It wasn’t until my mid 30’s when I met my wife that she diagnosed them as migraines. I wrote a blog (anothermigraine.blogspot.com) for a while to help me deal with it so i wont go through the whole long story here, but needless to say that I tried every preventative and every cure. Eventually my neurologist said that he had run out of options and no longer wanted to see me.

    That was about 3 years ago. Since then I have actually started to have some success with feverfew. I was up to 15 migs a month with another 10 background headaches, so pretty much every day hurt to some degree. After 4 months on feverfew i am down to 6 migs per month with 15 background headaches and the trend is still dropping (I keep a lot of charts and graphs). My quality of life has improved hugely as a result of this. So there really is always hope.

    I wish you all to find your magic cure. Never give up!
    Martin

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    • By Moonlitnight

      Hello Martin, thanks for that info. I have also tried it all, except for butterbur, so I just ordered some. The feverfew didn’t work for me but your post reminded me of butterbur.

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    • By Martin

      I take one 100mg tablet every morning after my breakfast. I buy them from a places like healthspan or holland & barrett (no endorsement intended but they are cheap and reliable).

      I am currently down to 5 migs and 12 background headaches. Most of the background headaches can be vanquished with a simple cup of coffee. I only drink caffeine when I have a headache so it acts as a cure and not a trigger. That is so close to my baseline of 15 days headaches per month, something that I have never been below.

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    • By lmlahlum

      Thank you! Just by chance I had an appointment with a new neurologist this morning. She said to go ahead and try the feverfew. It does help some. I tried it years ago, but I never knew how much to take, and was not consistent with it..

      She did say, however, to avoid butterbur (which someone else was going to try). It’s hard on the liver, and if you already take medications that are processed through the liver (which I do), best avoided.

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  • By lebell20

    For those of you who suffer with Hemiplegic Migraines might like information if you new or unaware that it’s considered rare. Scroll down to related disorders FHM. This is good information to print out can carry in case of emergencies. ER takes it a little more seriously when they see NORD and GARD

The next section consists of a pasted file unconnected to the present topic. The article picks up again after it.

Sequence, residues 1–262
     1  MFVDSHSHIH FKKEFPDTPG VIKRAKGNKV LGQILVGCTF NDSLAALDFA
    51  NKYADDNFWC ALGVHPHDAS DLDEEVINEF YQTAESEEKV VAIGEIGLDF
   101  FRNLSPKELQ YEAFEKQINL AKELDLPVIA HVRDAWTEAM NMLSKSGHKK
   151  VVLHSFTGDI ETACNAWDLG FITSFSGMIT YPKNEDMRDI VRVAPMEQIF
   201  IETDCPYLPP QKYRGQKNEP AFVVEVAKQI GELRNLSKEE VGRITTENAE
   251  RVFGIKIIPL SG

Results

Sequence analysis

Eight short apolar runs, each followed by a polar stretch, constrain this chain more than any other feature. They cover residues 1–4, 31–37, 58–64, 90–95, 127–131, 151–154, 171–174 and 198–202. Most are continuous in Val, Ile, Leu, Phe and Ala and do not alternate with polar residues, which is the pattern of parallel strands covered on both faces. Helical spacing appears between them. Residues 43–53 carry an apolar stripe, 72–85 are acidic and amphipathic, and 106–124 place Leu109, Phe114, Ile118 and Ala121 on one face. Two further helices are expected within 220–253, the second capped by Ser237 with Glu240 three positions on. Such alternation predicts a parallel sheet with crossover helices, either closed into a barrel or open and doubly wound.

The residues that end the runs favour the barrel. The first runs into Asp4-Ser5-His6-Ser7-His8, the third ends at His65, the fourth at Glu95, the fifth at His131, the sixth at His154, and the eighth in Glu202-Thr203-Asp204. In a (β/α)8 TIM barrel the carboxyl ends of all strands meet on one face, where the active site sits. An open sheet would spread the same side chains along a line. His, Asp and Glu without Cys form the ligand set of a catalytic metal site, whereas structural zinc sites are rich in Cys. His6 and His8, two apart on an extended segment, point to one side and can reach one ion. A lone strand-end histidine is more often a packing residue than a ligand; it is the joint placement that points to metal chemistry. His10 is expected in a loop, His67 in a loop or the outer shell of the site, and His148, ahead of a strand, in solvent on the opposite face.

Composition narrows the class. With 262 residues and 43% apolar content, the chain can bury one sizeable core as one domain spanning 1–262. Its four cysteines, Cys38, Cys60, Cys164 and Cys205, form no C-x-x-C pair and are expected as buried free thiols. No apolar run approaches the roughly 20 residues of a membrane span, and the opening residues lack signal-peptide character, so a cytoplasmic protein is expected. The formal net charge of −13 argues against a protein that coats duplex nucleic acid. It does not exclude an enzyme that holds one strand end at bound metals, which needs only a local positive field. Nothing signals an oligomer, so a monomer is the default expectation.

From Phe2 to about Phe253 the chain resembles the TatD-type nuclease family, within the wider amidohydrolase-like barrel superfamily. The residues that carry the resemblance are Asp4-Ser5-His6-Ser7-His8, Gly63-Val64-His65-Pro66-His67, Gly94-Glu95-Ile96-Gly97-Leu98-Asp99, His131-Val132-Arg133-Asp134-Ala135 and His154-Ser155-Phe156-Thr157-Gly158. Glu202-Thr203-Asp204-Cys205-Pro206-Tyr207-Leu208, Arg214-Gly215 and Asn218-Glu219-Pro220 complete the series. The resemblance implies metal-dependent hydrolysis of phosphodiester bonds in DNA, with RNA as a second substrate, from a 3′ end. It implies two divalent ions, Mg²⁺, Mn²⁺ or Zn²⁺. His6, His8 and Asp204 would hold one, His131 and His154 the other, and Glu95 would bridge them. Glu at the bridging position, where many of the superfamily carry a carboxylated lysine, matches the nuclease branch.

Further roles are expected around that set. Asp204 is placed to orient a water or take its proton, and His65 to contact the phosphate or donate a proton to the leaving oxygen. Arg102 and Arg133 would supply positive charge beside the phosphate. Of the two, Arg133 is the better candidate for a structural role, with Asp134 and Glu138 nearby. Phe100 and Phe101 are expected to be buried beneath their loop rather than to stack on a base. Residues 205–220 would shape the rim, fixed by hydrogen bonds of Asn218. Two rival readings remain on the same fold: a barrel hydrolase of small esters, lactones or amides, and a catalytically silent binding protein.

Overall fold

https://rarediseases.org/rare-diseases/alternating-hemiplegia-of-childhood/

    https://rarediseases.info.nih.gov/diseases/10768/hemiplegic-migraine

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  • By Jo1950

    Thank you Lebell20 for your validation and kindness for what I went thru with cancer. Where I did not have chemo, I did have radiation.

    Thank you for sending out the links above for Hemiplegic Migraines. I seem to fit most of the symptoms but was never diagnosed as anything other than migraine with aura. I do suffer from daily Nystagmous and balance issues which I have to laugh at my neurologist who feels that the Nystagmous will magically go away if I have physical therapy specifically targeted for this. The Nystagmous started in 2004 when my balance issues became unmanageable. I sought out many opinions from many neurologists who put me on all the meds on the market and nothing worked. I went to see a prominent neuro-otologist who studied at John’s Hopkins and he said I had Menieres but sent me back to neurology for the daily balance and daily dizziness and recurring migraine with aura. I gave up in 2011.

    Then in 2014 I went on Depakote due to frequent seizures and that helped with so many things. It stopped migraine, seizures, panic and anxiety, but I continued to have the inbalance and Nystagmous. In 2016 discovered I developed Non-Alcoholic Fatty Liver Disease probably from the Depakote and was taken off of it. A year went by and found a new neurologist who agreed to put me on Zonegran. He wanted me to go on Vimpat but due to all the reported horrid side effects, I opted to go on Zonegran. Now I am increasing the Zonegran to 75 mg and with my sensitivities to medications it’s causing over sedation, but I have to do something for these frequent migraines.

    Have been doing daily meditation, biofeedback to help reduce stress load. I just went thru a criminal trial where I was a witness to a brutal attack of my neighbor, then I had to move due to a rental increase, sprained my knee during the move so now can’t exercise, and I do not like my new living situation and lost my routine and circle of friends which was when the daily migraine hit me.

    Thank you for listening *smiles*

    Jo

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  • By Jojiieme

    Hello everyone – a sunny, warm good morning from Queensland, Australia!
    I’ve just had a startling few days which have jolted me back almost 40 years – I’m 61 now – and in the process learnt some migraine connections you might not realise. This is a great place to share, so thank you!
    My migraines change with the seasons; it’s warm, humid and bright so this is my worst time of year and usually I’m either going into or coming off a multi-day attack.